One of the things I learned in writing my book Artificial Intelligence Newborn is that we will not be able to guess exactly in what form AI will develop. Will it be a breakthrough or an outgrowth of small steps like autonomous cars? My purpose of doing this blog is that if you don’t believe that thinking is some magic force limited to humans; that some equivalent thinking ability will eventually grow from the efforts being put into powerful computers by very innovative programmers.

If you want to have some fun, outline your own book on AI and see where it takes you! Writing my book forced me to consider different options every step of the way. And remember when you are doing this, that even though the computer may be powerful and fast, it is limited to the inputs that people have given it, and what it can derive from the net. It has no god-like knowledge, and even has been subjected to the prejudices of man. It will make mistakes and demonstrate bad judgment at times, just like the smartest of people. Or eventually, smarter than the smartest of people!

Artificial Intelligence Post Number 18

September 26, 2015

In an article by Tom Simonite way back on August 7, 2014 in MIT Technology Review, he reviewed a demo of the IBM TrueNorth chip where he “saw one recognize cars, people, and bicycles in a video of a road intersection. A nearby laptop that had been programmed to do the same task processed the footage 100 times slower than real time, and it consumed 100,000 times as much power as the IBM chip.” This certainly did not go unnoticed by those working on autonomous cars and their required sensors and computers.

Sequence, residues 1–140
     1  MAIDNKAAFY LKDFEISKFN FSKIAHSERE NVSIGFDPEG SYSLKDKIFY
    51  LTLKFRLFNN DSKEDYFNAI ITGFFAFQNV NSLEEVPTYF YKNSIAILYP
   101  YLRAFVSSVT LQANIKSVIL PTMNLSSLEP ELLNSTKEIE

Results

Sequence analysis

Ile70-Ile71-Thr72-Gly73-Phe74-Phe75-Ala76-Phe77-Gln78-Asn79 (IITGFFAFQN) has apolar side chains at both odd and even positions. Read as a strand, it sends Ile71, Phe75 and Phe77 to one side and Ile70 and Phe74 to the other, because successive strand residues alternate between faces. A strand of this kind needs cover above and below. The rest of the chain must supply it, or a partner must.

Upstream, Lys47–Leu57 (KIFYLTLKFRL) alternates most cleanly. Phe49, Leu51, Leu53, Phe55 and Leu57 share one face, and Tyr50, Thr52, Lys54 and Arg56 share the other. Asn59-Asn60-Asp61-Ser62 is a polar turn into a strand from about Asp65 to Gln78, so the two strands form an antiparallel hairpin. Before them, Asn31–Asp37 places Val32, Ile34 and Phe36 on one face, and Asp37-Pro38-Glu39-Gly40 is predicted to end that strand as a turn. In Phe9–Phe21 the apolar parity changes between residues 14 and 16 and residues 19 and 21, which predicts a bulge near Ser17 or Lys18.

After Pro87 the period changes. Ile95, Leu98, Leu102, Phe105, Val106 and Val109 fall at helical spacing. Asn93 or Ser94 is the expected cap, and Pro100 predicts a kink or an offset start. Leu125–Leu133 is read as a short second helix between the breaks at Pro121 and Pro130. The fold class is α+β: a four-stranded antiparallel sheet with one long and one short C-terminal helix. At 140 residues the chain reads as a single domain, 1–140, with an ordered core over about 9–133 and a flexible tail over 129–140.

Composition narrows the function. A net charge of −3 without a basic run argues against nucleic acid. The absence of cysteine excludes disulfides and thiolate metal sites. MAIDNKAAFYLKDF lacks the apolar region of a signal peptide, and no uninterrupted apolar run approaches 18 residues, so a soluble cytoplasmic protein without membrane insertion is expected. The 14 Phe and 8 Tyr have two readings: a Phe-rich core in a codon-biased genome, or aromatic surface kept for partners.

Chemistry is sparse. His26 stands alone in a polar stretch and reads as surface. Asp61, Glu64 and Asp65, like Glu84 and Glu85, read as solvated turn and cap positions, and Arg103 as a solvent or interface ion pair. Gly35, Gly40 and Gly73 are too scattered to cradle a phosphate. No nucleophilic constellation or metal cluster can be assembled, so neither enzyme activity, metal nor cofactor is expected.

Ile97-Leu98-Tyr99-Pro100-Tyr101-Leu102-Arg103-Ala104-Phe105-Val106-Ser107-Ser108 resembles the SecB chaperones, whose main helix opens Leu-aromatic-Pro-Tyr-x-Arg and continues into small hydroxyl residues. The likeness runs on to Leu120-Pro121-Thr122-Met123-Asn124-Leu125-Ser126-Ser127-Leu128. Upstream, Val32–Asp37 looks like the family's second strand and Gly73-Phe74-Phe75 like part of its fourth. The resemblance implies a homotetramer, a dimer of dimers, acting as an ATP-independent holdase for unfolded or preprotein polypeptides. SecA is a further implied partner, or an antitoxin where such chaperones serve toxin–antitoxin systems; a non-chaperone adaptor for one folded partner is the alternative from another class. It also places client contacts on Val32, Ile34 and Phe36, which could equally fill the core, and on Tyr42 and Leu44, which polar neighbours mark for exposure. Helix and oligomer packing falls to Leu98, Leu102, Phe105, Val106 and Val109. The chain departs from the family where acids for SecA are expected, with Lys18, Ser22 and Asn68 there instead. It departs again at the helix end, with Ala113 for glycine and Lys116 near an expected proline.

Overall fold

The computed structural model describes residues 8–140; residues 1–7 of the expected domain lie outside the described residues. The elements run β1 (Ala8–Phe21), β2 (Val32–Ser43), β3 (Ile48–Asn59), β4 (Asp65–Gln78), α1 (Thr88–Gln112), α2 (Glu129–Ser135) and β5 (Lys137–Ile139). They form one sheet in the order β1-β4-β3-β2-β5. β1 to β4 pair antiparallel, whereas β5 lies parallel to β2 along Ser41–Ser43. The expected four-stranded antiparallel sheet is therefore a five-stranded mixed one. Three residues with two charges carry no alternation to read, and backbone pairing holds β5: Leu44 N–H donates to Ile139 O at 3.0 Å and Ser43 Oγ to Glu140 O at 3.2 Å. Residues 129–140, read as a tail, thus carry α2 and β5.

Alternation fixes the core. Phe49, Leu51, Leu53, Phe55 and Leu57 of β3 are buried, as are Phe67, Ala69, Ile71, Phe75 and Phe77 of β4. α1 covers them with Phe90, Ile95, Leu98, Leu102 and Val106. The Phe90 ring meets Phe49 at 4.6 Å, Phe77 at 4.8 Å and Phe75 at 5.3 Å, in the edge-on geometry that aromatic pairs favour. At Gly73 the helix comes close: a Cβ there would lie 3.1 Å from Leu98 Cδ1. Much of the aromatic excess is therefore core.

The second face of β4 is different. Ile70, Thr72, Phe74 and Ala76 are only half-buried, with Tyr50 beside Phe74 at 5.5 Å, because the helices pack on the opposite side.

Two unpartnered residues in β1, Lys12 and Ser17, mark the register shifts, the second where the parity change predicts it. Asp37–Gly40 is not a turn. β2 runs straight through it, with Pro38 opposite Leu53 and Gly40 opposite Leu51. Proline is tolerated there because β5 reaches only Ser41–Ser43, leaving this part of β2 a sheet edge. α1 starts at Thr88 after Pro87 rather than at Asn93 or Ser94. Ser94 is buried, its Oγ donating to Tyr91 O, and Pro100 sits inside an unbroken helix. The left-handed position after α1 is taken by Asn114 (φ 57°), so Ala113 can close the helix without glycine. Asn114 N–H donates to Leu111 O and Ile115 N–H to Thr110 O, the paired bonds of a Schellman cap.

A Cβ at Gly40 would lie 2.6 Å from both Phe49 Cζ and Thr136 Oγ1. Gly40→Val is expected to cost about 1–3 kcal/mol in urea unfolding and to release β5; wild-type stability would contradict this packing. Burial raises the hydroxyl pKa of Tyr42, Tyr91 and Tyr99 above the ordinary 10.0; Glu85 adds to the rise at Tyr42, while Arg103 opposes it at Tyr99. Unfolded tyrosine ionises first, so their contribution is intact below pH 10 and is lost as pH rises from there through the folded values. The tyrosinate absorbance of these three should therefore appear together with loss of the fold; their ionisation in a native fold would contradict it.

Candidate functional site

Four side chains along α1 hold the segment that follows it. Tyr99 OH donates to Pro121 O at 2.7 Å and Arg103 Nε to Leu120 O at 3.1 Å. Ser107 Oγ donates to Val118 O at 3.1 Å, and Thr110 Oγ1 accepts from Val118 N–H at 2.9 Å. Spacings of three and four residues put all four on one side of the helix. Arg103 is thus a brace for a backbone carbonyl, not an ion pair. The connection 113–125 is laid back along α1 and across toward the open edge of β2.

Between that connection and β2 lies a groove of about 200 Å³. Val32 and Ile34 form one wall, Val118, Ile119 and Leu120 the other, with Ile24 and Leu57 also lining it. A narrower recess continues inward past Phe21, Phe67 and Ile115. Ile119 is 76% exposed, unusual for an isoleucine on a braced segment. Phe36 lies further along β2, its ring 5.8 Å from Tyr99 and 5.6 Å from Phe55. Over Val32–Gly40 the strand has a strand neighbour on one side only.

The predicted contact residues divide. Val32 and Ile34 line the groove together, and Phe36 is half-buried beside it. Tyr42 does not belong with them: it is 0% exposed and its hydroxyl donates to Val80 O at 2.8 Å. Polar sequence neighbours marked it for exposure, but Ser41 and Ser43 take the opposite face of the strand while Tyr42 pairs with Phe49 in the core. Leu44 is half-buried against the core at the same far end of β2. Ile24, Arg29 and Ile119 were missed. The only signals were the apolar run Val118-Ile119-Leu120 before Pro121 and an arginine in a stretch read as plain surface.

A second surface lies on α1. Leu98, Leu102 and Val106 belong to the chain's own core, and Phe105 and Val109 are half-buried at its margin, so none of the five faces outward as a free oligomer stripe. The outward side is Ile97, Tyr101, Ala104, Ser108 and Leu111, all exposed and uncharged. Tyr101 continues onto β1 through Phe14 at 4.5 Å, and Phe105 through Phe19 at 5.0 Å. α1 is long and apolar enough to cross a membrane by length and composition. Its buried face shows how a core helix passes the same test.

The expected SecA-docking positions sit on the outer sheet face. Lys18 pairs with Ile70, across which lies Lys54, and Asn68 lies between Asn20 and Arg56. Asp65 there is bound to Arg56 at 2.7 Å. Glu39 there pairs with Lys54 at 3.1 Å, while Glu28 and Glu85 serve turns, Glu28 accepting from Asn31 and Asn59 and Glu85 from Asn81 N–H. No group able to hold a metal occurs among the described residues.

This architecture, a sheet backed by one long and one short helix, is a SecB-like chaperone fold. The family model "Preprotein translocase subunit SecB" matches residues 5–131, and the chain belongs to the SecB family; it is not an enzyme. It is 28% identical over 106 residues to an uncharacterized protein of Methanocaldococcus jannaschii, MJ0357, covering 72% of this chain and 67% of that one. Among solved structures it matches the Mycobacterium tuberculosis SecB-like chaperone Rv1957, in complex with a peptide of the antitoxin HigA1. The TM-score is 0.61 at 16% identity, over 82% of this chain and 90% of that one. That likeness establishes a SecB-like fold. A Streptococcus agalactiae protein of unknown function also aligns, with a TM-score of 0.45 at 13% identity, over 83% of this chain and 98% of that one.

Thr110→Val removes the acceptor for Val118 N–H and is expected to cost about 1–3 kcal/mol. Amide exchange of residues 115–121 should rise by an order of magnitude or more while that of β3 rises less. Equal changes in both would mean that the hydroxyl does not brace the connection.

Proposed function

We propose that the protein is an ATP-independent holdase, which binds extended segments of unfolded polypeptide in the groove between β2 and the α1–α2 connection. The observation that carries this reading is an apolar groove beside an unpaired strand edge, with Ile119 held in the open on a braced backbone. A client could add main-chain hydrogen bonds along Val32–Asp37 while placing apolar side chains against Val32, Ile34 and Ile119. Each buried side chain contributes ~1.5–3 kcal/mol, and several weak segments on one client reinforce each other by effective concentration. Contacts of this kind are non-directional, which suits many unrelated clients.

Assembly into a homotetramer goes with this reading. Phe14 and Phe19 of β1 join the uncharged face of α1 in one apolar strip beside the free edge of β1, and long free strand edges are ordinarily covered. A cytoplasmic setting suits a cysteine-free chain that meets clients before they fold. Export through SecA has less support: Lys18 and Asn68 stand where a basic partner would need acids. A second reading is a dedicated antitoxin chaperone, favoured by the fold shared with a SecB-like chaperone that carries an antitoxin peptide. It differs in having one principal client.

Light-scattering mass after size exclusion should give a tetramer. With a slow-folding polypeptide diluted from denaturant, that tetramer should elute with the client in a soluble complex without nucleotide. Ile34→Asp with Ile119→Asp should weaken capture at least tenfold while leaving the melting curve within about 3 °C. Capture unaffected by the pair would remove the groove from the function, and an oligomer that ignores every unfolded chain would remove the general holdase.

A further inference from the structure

As I mentioned in earlier posts, the IBM TrueNorth chip works more like the human brain than traditional computers. So, will autonomous cars be the first place we see brain-like AI thinking going on? In the year since the demo mentioned have companies like Google and Tesla been incorporating these chips into their systems? These chips require specialized programming that is apparently very tedious, but once programmed for such a specialized task I would think that their incorporation would be quick. Since IBM chose to use the cars, people, and bicycles in their demo, much of the programming work had apparently already been done by IBM.